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I had a broken top compression ring on my No.4 piston. Dang.
Being ignorant, I ordered a new set of new piston rings. They were quickly returned when a few of you guys (Cusser specifically) told me that if the top end looks that bad, the bottom end most likely matches.

A man two hours away in Georgia rebuilds engines, and posted a long block for $650. A plus was that it was the same engine code for my year (AE). I drove down, heard it run for a few minutes, and felt confident. Maybe it was a leap of faith. (Wish I had pictures of the day I bought the block, sorry.)

I do know for a fact that after he called me two weeks later, he told me that my old engine I gave to him as a core had a half inch of Permatex in the bottom of the case and that he had never seen anything like that in 40 years.

I immediately felt relieved.

With the rebuilt case came new fuel lines. 5mm and 12mm ID braided fuel hoses from Belmetric along with normadrive slotted screw clamps.
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The next order of business was getting the engine seals put in. I will vouch also for not trying to slide them. Soapy water and a masking taped screwdriver will be your best bet. I also removed the old cracked tarboard revealing the original paint! I believe it is Marina Blue if anyone can confirm that?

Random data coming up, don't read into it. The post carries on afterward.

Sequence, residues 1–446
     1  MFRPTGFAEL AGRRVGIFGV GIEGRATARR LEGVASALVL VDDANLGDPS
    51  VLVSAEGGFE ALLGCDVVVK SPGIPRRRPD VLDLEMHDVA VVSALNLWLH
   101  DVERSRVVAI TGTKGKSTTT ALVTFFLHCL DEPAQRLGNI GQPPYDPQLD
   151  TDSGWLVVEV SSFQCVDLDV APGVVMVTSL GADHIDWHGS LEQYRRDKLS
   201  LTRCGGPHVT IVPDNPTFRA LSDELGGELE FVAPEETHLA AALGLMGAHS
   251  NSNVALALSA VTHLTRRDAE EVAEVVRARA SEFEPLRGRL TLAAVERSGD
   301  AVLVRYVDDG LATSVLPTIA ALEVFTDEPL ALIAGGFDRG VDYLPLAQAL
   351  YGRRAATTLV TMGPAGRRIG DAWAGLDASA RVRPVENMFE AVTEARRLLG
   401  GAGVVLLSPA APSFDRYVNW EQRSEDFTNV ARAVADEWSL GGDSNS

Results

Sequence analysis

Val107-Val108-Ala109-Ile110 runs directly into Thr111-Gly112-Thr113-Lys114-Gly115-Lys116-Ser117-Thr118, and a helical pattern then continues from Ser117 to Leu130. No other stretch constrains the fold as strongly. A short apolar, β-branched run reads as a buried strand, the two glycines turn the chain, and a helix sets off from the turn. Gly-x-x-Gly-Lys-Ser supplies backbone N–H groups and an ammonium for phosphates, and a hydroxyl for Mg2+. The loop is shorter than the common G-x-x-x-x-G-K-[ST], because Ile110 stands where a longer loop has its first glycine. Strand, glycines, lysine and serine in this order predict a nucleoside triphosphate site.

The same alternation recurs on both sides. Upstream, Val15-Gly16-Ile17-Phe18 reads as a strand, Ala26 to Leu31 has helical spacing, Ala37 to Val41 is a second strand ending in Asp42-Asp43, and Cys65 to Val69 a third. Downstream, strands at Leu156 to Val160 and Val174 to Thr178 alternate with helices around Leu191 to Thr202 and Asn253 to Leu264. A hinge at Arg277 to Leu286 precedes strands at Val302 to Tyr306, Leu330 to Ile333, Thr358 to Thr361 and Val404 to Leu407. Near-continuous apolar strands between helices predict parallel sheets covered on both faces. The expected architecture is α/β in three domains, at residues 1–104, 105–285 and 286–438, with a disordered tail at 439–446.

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New seals in, I will be painting black over the blue. Unless I can find a way to get the color code for Guards Red. Birthday is the 19th, and I asked my wife for Chris Vallone tarboards Rolling Eyes

For what it's worth, here's a picture of my poor engine sitting in the garage, waiting to breathe new life. Missing is the Bosch AL-82 alternator, Bocar 34-3 carburetor, 3&4 tin and mostly everything else.
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Until next time!


Last edited by Deebs on Tue Sep 11, 2018 3:06 am; edited 2 times in total
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Q-Dog
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PostPosted: Sat Sep 08, 2018 1:36 pm    Post subject: Re: Deebs' 1971 Super Beetle Build Reply with quote